Great First Lines: The Answers, Part I

Congratulations to Heidi, who guessed First Line #3 of my Great First Lines Challenge  a couple of weeks ago, and Liz, who guessed #3 and #5! Sorry for the delay in posting the answers—I wanted to give more people a chance to guess, if they were so inclined. 

Here are the answers to First Lines #1 through 5:

1. Once upon a time, in a gloomy castle on a lonely hill, where there were thirteen clocks that wouldn’t go, there lived a cold, aggressive Duke, and his niece, the Princess Saralinda. --The Thirteen Clocks, by James Thurber.

  • Perfectly sets up the mood of the book, which is fairy-tale-esque (without being twee), gothic, and just a tiny bit arch. That word “aggressive” is the tip-off that we’re in the hands of a master.

2. Walking back to camp through the swamp, Sam wondered whether to tell his father what he had seen. --The Trumpet of the Swan, by E.B. White .

  • This isn’t one of the showier first lines out there—nothing dramatic happens, just a kid walking back from a swamp. But in a move that’s typical of EB White’s understated brilliance, it sets up all kinds of questions in the reader’s mind, like: what on earth did Sam see in that swamp? And why wouldn’t he want to tell his father? It’s a testament to White’s skill at bringing us into Sam’s world that when the answer—a Trumpeter Swan’s nest—is revealed, it doesn’t feel anticlimactic at all.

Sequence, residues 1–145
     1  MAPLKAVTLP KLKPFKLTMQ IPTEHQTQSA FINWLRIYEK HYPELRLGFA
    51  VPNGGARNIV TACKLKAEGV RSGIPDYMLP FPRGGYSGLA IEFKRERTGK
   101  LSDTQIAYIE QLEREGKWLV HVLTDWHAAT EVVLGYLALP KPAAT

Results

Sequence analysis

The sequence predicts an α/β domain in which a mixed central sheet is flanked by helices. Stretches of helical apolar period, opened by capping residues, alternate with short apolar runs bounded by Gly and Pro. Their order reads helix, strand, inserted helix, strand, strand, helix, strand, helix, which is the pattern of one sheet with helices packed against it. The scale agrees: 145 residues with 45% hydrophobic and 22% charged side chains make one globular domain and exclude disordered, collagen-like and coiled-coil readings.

3. When I stepped out into the bright sunlight from the darkness of the movie house, I had only two things on my mind: Paul Newman and a ride home. --The Outsiders, by S.E. Hinton.

  • Atmospheric, succinct, character-setting. It really is hard to believe Hinton was only sixteen when she wrote this..

4. Linderwall was a large kingdom, just east of the Mountains of Morning, where philosophers were highly respected and the number five was fashionable. --Dealing with Dragons, by Patricia Wrede.

  • Like The Thirteen Clocks, Dealing With Dragons draws on familiar fairy-tale fare: a kingdom, a princess, a dragon. But the slightly wonky opening (“the number five was fashionable”??) is a big hint that the usual fairy-tale plot is about to be set spinning crazily across the room.

5. Mrs. Jane Tabby could not explain why all four of her children had wings. --Catwings, by Ursula LeGuin

  • I can’t actually think of anything clever or illuminating to say about this first line. It seems to me to be utterly complete in itself, which is, I guess, enough of a testament.

I'll save the answers to first lines #6 through 10 for my next post in a day or two. If anyone wants to try to guess them, the original post is here.

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